Whatever other news George W. Bush wanted to make -- particularly his let's-just-you-me-and-Larry King-or-Tim Russert-debate challenge -- was obliterated yesterday.

Television was all over the truly earth-shattering news: Bush calling a New York Times reporter a bad name.

"Bush forgot a rule of the road -- don't say anything near a microphone that you wouldn't want your mother to hear," said CBS's John Roberts.

"Governor Bush may have stepped on his message of restoring dignity and honor to the White House when a microphone caught him making an undignified remark about a newspaper reporter," said NBC's John Siegenthaler.

As bleeped by the broadcast networks, Bush is heard telling running mate Dick Cheney, "That's Adam Clymer, a major league asshole."

"Oh yeah, he is, big time," Cheney says.

A handful of newspapers this morning make a big deal out of the Texas governor calling Clymer an "asshole" -- a word not usually published in family newspapers -- but many played it down in recounting the Illinois appearance. It was yet another demonstration of how a minor incident can be greatly magnified on the tube simply because it is captured on videotape.

New York Daily News gives the incident the "wood" -- tabloid talk for a screaming cover headline -- blaring, "THAT GUY's AN @$#&*!"

"George W. Bush launched his fall campaign sprint yesterday by telling voters "we need plain-spoken Americans in the White House" -- moments after he was caught calling a reporter a barnyard epithet." The News rendered the remark as "major-league a -- -- -- ."

The New York Post also protects its delicate readers from the word in its report on "Bush's X-rated barb."

The Washington Times report on Bush's "salty media critique" is especially creative, saying Bush called Clymer " `a major-league [deleted],' employing a vulgar euphemism for a rectal aperture."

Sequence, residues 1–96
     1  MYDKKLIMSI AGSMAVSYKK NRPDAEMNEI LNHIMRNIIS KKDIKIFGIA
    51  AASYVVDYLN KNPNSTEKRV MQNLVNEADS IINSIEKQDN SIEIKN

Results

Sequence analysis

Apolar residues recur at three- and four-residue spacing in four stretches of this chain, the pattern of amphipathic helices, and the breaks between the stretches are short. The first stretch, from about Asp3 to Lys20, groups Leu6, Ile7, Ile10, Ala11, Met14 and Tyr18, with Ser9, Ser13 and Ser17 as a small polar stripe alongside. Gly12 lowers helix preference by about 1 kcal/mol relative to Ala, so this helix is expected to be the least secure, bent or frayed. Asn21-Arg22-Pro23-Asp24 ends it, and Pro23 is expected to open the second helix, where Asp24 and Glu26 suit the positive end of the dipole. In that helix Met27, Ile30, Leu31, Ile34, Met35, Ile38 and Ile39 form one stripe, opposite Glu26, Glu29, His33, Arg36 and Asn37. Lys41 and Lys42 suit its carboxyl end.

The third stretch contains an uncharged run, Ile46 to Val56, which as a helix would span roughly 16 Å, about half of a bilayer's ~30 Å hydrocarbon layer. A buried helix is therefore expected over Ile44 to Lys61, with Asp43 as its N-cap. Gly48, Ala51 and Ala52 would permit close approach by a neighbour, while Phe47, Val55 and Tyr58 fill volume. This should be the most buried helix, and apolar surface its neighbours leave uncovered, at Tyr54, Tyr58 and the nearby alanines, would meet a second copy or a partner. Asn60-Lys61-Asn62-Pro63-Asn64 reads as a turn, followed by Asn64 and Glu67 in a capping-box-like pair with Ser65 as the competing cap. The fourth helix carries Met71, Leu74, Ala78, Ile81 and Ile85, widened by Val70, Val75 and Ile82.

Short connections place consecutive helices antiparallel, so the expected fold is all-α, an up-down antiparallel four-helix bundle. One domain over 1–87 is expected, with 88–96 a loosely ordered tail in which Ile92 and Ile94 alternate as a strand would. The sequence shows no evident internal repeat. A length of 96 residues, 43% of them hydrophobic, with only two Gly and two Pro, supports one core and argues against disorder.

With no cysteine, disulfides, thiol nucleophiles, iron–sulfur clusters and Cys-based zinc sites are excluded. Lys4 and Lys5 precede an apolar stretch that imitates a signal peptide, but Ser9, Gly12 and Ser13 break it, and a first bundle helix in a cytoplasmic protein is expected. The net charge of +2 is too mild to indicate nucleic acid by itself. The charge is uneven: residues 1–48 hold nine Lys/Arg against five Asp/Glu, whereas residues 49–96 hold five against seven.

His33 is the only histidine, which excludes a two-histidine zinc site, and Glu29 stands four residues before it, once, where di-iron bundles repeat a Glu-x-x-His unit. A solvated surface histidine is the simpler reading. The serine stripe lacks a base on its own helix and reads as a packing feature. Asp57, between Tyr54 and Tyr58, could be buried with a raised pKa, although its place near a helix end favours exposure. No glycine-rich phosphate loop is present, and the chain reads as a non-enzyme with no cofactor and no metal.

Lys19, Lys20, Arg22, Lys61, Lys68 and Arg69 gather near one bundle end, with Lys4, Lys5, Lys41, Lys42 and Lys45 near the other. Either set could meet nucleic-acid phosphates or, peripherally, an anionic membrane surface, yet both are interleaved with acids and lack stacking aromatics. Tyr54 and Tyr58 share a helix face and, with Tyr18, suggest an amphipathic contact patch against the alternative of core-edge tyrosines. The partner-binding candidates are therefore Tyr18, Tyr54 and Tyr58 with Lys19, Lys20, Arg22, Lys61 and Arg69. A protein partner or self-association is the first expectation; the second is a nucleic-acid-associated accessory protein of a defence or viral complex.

The Boston Globe, which uses the actual A-word, frames the story this way: "George W. Bush yesterday urged voters to put `plain-spoken Americans in the White House,' intending to contrast himself with Vice President Al Gore. Instead, his frankness created an embarrassment, after he uttered a vulgarity that was accidentally broadcast over loudspeakers to a crowd of hundreds."

But USA Today did not mention the incident in its main campaign stories. The Los Angeles Times relegated it to the 26th paragraph.

The Washington Post story notes in the fourth paragraph that "Bush did a little of his own plain speaking. He and Cheney were smiling and looking at the crowd when Bush spotted a veteran reporter. He turned to Cheney and said in a remark picked up by an open microphone, `There's Adam Clymer -- major-league asshole from the New York Times.' "

Clymer, by the way, is the reporter who wrote recently that a Bush ad on prescription drugs had "zero" accuracy.

The New York Times, not surprisingly, deemed the "obscenity" unfit to print in the 14th paragraph of its campaign report. The paper quoted its executive editor, Joe Lelyveld, as responding to Bush spokeswoman Karen Hughes's charge that Clymer's coverage has been "very unfair":

"This is at least Adam's eighth campaign. He knows what he is doing. His work is both fair and accurate. The Times has never heard from the Bush campaign about Adam. If they have a complaint, they should convey it to us and we will review it as we do all serious complaints about our coverage."

The Bush debate challenge -- which Vice President Gore rejected as a ploy to limit the audience for their fall faceoffs -- also heated things up on the airwaves. On CNN, Bush adviser Karl Rove and Gore strategist Bob Shrum accused each other of being deceptive, with Shrum at one point telling Rove to "shut up."

Over the holiday weekend, meanwhile, one media message emerged above all else:

The presidential race is close. Incredibly close. One heck of a barn burner.

A contest that, if it were an Olympic event, would have trouble filling the arena has clearly engaged the journalists who now get to blab about polling demographics and electoral-map strategies. (Of course, some of these prognosticators were saying just weeks ago how likely it was that Bush would beat Gore.)

Recent dispatches conveyed the sense of journalistic excitement. "As the fall campaign sprint begins, Al Gore and George W. Bush are zeroing in on America's heartland for what could be the closest presidential contest in a generation," says Paul West in the Baltimore Sun.

"New national voter surveys being released this week are expected to show that Gore has succeeded in wiping out Bush's yearlong advantage in the opinion polls. . . . At the same time, the electoral map indicates a considerable tightening in the state-by-state competition since last month's Democratic convention, when Gore's campaign began to take off."